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We at Sarasota Antique Buyers have an OPEN SHOP At 1502 N Lime Ave, Sarasota. You can also Call Us On 941-320-8369 to fix an appointment.


  • Oct 23 / 2018
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Antique Estate Sale, antique liquidator, Estate Liquidation, Estate Sale

Things to Note When Searching For an Estate Sale Company

When searching for an estate sale company, you will notice that there are several of them claiming to be the best. The entire process of looking for the right firm or individuals to handle your estate liquidation can be overwhelming but you need to make the right choice if you want to get the right value for the contents of your estate.

estate sale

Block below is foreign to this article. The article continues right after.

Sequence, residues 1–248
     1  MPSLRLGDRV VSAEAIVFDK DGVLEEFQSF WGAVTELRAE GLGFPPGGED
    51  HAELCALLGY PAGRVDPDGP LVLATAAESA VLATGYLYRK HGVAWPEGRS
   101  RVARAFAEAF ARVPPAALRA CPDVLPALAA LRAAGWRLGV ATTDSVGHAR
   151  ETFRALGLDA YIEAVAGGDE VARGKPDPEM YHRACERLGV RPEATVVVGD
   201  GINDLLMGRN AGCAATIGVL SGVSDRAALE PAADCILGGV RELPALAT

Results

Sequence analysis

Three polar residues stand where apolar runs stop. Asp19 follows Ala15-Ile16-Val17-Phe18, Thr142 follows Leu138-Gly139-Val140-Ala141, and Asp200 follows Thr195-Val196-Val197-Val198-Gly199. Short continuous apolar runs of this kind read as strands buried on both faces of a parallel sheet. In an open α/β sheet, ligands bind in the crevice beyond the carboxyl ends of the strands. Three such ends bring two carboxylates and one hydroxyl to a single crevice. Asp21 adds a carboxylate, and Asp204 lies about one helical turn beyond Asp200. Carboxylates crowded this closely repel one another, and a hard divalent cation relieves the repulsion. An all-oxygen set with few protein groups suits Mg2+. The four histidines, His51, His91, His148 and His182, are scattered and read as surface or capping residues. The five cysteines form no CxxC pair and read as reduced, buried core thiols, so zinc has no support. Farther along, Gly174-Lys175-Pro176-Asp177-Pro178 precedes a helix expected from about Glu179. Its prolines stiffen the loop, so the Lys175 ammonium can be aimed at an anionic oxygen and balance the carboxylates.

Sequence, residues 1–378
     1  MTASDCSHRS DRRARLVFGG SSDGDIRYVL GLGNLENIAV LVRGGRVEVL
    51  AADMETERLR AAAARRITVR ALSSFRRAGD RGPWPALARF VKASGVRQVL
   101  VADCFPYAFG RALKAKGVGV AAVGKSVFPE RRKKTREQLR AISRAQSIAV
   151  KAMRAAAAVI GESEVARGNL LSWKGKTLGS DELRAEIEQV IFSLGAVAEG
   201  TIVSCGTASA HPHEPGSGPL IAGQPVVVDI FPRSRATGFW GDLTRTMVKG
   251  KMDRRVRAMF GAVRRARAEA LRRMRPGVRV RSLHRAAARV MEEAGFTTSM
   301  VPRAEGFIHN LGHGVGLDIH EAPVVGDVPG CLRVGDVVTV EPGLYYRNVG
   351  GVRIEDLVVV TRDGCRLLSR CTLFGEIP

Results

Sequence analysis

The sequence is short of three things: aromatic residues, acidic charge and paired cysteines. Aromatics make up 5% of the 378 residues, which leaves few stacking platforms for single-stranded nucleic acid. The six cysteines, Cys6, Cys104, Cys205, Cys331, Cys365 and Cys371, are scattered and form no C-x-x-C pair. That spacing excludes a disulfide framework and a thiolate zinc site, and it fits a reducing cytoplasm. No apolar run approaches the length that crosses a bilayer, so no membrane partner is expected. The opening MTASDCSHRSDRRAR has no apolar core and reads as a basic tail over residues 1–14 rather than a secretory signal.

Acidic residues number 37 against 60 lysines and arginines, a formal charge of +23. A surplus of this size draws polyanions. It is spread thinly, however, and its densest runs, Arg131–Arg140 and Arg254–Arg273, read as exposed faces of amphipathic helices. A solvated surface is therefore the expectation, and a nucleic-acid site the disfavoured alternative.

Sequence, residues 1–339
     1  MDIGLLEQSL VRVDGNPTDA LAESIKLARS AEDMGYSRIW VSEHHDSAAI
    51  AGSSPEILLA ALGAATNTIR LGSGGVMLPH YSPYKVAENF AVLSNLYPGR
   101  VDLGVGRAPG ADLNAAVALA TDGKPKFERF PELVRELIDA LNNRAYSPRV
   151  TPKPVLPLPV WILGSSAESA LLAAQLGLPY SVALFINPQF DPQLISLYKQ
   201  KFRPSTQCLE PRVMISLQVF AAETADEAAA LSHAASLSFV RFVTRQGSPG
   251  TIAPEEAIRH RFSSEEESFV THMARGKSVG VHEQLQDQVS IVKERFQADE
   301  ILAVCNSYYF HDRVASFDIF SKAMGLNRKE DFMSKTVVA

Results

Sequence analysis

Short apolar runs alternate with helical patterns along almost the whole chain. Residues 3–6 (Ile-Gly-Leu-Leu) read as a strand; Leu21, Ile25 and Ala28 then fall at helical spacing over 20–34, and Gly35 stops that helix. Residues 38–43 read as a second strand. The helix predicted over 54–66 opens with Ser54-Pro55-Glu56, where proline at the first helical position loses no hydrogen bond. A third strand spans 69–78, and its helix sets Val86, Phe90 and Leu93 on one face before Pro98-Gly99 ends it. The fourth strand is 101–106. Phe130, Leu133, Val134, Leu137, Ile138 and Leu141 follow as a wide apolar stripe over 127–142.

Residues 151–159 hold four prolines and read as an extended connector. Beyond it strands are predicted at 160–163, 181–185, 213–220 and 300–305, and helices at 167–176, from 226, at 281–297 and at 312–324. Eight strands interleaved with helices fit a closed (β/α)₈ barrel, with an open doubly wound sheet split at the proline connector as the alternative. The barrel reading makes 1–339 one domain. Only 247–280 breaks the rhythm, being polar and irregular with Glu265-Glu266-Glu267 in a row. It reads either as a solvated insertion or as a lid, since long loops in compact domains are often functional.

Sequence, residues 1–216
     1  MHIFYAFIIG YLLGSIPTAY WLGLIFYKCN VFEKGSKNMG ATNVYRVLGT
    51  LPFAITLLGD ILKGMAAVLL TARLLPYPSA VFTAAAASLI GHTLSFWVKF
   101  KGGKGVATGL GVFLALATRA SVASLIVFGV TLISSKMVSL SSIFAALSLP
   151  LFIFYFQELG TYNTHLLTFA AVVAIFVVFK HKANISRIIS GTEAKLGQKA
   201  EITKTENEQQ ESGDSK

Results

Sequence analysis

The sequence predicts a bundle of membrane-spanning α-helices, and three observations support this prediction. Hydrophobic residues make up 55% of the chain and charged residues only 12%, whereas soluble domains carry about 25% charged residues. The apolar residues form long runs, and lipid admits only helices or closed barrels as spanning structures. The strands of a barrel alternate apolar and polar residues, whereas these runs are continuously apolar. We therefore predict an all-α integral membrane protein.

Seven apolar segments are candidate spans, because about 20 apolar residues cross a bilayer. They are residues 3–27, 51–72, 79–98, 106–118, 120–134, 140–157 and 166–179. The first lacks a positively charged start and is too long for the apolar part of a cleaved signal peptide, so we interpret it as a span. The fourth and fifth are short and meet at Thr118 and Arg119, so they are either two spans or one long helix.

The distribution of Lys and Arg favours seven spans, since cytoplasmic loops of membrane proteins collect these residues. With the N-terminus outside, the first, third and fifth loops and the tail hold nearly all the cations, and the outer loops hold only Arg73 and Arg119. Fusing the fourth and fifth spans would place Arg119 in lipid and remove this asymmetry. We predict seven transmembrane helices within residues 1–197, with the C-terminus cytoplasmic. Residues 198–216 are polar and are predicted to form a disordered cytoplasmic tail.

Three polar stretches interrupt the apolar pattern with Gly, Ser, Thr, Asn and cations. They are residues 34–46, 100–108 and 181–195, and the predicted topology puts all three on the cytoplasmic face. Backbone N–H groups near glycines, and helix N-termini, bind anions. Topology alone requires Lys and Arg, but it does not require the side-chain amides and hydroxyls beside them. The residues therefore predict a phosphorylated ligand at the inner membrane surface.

How Do You Choose The Right Company?

To be honest, choosing the right company from the several ones offering estate liquidation services can be very tough. There are some important considerations, however, that can improve your chances of landing the right company. Here are things you can do:

  • Get referrals – it is important that you get referrals from reputable sources when you are searching for a reputable company. A trusted real estate agent, an accountant or a financial planner can make the right recommendation. There are some websites that can help too.
  • Interview different companies – to know who will be more suitable for your estate liquidation, you need to interview three or four companies and see what they have to offer. Consider the level of service they offer and the costs before making your decision.

Other Things to Take Note Of

When dealing with estate sales liquidators, here are few other things to take note of:

  • Do not throw anything away before inviting the liquidators. Some of the little items you may consider irrelevant may be the ones that will bring in the money
  • Never accept extra items. Reputable companies will not bring in extra items into your estate but it is important that you let them know ahead of time that no extra item is allowed into the estate
  • Have a realistic expectation